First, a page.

Sunday, 28 February 2010

Granny gets some real action now.

28th February 2010

Today I have been working on the tweaking of the IRQ routine. Seems that I was using one that runs on the BASIC kernal, so I decided to switch that off and use the standard non-Kernal interrupt vectors $FFFE & $FFFF and also switch to NMI Lock using $FFFA & $FFFB. Works fine, now what I want to do is get those enemies stopping at a certain Y position, then move an X position, then walk the rest of the way downwards off screen. To get this working, I need to create some loops and some data tables. I will also need to create some triggers to make the characters stop moving Y if they are moving X. Also depending on which X direction each character should move, I should create a table with switches to show whether the characters have to go left or right. In theory this method should hopefully work.

I tested the movement for the first character with the random stopping position movements for just one character and it worked a dream. Next I implemented the same routine to all of the characters (except for the store assistant) to get them moving. This wasn't working properly at first, but after a few tweaks or rewriting of the code, I got all the characters moving through a random basis, to make game play slightly more interesting.

Now was the time to work on the sprite to sprite collision. I used the same collision method as usual as it makes programming much easier for me. I know I have used this collision routine time and time again, but it is something that could be remembered really well, without having to do so much research. I created separate routines corresponding to each character and linked all of the collision routines to the player's fire button press routine. Unfortunately there seems to be a silly error in the code, in which all but one character stops if Granny hits that character with her cane. I found where the problem lies. It seems that I RTS the movement command which causes all enemies to stop. So I made some multiple JMP to next routine commands to make things work correctly. Well, it seems to work now. I also got the coin routines to work nicely as well.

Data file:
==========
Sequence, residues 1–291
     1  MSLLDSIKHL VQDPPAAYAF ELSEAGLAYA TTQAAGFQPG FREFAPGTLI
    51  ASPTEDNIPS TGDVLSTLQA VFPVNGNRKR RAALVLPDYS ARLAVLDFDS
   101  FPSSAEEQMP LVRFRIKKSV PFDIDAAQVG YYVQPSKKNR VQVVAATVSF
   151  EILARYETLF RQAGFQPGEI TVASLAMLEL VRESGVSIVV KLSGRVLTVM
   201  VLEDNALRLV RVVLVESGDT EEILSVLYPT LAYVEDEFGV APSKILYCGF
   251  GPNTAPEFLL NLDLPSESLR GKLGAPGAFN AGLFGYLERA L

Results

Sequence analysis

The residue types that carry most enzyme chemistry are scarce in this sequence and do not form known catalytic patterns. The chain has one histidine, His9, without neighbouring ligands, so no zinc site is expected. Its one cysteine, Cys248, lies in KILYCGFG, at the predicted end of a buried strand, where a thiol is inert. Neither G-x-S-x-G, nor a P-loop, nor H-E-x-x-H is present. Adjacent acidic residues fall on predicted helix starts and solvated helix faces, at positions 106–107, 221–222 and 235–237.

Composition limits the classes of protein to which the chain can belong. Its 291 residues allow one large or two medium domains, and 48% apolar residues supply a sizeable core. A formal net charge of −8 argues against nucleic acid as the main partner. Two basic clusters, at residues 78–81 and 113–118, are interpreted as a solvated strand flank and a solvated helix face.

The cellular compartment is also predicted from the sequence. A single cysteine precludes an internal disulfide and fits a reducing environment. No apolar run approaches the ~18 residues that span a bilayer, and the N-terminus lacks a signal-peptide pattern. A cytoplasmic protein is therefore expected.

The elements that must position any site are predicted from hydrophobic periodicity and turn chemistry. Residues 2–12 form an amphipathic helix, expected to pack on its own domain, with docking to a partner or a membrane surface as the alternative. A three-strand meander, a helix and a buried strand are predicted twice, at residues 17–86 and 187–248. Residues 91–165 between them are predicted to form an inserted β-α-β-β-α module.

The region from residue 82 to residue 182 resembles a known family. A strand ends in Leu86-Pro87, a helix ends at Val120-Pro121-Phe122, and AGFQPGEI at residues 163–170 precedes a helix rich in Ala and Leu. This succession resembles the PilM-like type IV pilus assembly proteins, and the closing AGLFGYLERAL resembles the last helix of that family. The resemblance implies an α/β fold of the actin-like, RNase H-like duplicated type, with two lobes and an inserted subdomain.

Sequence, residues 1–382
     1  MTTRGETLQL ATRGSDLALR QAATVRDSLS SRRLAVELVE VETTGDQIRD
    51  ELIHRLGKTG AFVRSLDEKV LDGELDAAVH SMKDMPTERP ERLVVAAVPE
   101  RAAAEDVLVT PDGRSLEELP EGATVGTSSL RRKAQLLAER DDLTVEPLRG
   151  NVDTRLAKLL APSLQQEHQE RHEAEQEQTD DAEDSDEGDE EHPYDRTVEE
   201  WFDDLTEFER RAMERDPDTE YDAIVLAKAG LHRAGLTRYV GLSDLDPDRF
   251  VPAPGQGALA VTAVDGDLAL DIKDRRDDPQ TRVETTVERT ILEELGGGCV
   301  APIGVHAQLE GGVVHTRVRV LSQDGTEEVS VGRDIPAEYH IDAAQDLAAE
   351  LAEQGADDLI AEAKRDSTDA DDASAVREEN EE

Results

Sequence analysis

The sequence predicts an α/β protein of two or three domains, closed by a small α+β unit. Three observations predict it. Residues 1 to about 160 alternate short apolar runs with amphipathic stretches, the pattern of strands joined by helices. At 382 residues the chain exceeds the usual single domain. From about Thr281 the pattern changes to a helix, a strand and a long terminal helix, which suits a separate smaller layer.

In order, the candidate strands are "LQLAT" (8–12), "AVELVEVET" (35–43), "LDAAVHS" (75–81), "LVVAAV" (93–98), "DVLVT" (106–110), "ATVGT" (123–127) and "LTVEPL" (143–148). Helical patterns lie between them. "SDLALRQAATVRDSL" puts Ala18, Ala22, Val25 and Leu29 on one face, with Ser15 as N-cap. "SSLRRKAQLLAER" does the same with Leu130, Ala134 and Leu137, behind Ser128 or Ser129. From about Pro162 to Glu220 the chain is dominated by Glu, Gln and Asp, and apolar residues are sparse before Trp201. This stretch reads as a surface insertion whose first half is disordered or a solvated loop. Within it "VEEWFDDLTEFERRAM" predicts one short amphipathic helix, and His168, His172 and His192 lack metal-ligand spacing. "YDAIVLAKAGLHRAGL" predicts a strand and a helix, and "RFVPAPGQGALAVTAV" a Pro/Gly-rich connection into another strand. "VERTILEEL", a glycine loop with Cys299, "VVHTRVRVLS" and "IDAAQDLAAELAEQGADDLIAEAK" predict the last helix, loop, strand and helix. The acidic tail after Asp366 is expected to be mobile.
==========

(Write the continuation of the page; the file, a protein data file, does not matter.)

After all the collision routines worked correctly, I worked on some sub routines that will show the death animation sequences for the player, and also for the enemies that have been hit as well. Seems to be working fine. Now to add the scoring and lives counter, then I shall call it a day for today and do some other time.

Monday, 22 February 2010

Granny waits outside the Supermarket

Monday 22nd February 2010 On Saturday I got Bionik Granny to move around and worked on the whacking animation. Today, I did some more programming on this comical game. First of all, before I get the main characters on screen. I decided to program an animation routine, and test each animation on one sprite. Unfortunately the animation never worked. I wonder what went wrong? I did create timers and pointers for the animation and increment those the way I usually do. Apparently there was some strange bug inside the animation routine, which did not allow to cycle. So I decided to reprogram the animation sub routine and was lucky this time round. Unfortunately the animation for each character was a bit of a mess. It seems that I made a few typing errors in the byte tables that represents the animation frame for each character. After correcting those (by testing sprite frames one by one) , I got a better result. Animation's fine.